Are Foldable Phones the Future or Just Fancy Gimmicks?

Mar 11, 2020 12:56 EDT
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Given the current state of the market, foldable phones are becoming more and more popular. We have had the Galaxy Z Flip launch. As well as Huawei bringing the Mate Xs, but this is not it; in the past, we have had the likes of Motorola Razr as well as other companies bringing in their own flavour of foldable devices. We recently looked at TCL working on a number of interesting foldable devices of their own, and from the looks of it, they did look promising.

However, the burning question still remains; are foldable phones the future or just fancy gimmicks? To answer that, we have to look back at the first mainstream foldable device that launched. The Galaxy Fold; the phone launched last year and immediately received a lot of press as it was supposed to get.

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What Does the Future Hold for Foldable Devices?

However, there were some glaring issues. For starters, the phone started developing issues with the display failing and many people had their units die on them. Samsung called back the Galaxy Fold shortly after the initial release, and took a few months to fix the issues and launched the phone all over again. This time, with the better build quality.

Following Samsung's footsteps, many companies came out with their own take on foldable phones; the likes of Huawei Mate X and Motorola Razr being among the most common devices that are commercially available. Aside from having a pretty high price tag, another thing that was common about these devices was the screen.

Up until now, all the devices that we have seen come with foldable OLEDs that are made out of plastic, and while they are certainly impressive. Plastic is a lot softer than glass and can easily scratch even if you are pressing it with your nails; this means that the average day to day use has to be really careful. The issue here is that you cannot even use screen protectors because companies have issued warnings against using them.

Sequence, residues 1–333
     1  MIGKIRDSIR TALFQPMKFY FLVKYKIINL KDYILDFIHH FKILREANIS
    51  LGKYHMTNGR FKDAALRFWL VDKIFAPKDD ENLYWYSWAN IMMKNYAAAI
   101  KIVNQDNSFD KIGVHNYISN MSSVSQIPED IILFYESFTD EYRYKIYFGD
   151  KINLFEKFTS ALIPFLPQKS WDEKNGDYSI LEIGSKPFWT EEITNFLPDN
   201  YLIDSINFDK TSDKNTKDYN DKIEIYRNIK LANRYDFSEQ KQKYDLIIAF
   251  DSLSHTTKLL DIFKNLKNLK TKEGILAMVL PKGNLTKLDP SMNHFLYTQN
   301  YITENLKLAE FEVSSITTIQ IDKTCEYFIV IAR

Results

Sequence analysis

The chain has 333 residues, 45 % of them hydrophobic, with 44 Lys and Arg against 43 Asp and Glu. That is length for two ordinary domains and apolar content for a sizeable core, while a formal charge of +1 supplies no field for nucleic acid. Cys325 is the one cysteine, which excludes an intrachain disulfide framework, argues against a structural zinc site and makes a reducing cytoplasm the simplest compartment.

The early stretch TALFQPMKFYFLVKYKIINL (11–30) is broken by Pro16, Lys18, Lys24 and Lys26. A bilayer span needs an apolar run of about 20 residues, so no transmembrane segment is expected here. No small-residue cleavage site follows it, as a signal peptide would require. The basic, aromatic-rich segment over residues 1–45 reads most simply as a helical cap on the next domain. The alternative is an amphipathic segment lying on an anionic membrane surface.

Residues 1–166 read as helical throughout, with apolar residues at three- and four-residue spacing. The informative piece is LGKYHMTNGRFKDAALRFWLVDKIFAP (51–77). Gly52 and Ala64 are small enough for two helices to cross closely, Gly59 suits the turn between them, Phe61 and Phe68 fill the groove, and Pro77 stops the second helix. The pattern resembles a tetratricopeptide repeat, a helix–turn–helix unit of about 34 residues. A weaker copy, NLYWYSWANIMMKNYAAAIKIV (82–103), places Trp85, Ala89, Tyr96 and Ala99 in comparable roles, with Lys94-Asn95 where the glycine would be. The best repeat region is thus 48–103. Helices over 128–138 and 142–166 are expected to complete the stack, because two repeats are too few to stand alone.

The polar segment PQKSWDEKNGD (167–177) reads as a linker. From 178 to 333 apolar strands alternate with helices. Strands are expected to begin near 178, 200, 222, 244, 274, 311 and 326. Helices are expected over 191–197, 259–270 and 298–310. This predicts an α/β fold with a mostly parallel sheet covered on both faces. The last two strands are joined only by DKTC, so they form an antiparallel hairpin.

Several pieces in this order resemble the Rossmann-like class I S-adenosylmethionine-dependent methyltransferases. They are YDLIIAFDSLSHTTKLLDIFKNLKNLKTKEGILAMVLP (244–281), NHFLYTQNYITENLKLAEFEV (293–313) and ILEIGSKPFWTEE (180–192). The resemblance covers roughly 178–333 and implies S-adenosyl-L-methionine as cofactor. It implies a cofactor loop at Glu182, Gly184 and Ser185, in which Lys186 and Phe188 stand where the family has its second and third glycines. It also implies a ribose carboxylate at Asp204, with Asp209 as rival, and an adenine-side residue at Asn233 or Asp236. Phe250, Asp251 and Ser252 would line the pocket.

With the release of Galaxy Z Flip, Samsung did talk about changing the game by introducing ultra-thin glass that can bend; this did act as a silver-lining but it was soon revealed that the screen still scratches just as easy and it is not entirely screen as the softer material still lies on top of the panel.

So far, the only promising foldable we have seen in terms of screen durability is the Surface Duo by Microsoft which should be released sometime this year. Unlike the rest of the devices, Surface Duo has both screens made out of Gorilla Glass, the screens are split by a hinge that is visible in all cases, which means that you are not going to get the seamless experience like other foldable devices, but you are still getting durability.

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I am Okay With the Screen. What Else?

Even if you are okay with the screen issues as many other people are, we have to look at the cost factor. Foldable devices at this point easily cost above $1,000 and while that is the same as any good flagship cost when you look at the opportunity cost, you are just paying more for increased risk and added flare of a foldable device.

Another thing that you must be aware of is that you cannot put any proper case on the device. This is coming from someone who prefers going naked with their devices, but considering the fragility of a foldable device, having a case is something that seems like a must. True, some companies do provide you with cases, but these two-piece cases can barely do much. So, again, added anxiety of keeping your phone intact.

Then there is an issue of having a crease on the display; an issue that is almost impossible to avoid. The screen folds, which will unsurprisingly leave a crease wherever the fold is. While you do get used to it just as you did with the notch, it is something that is hard to avoid since you can feel it the moment you run your finger over it.

All these arguments should not deter you from the fact that foldable devices are certainly impressive. However, what is more, important to know at this point is that these devices are still reaching the maturity point. They are far from perfect but calling them complete failures would be wrong. From the sales point of view, these devices are doing good and while not as good as your standard flagships, the interest is garnering.

Can they replace standard phones? At this point, it is too soon to say anything since the issues currently present in these devices do not make them a compelling buy over the tried and tested design that we are used to.

Do you think foldable devices are the future or they are just bad examples of companies showing off what they can do? Let us know.

 

 

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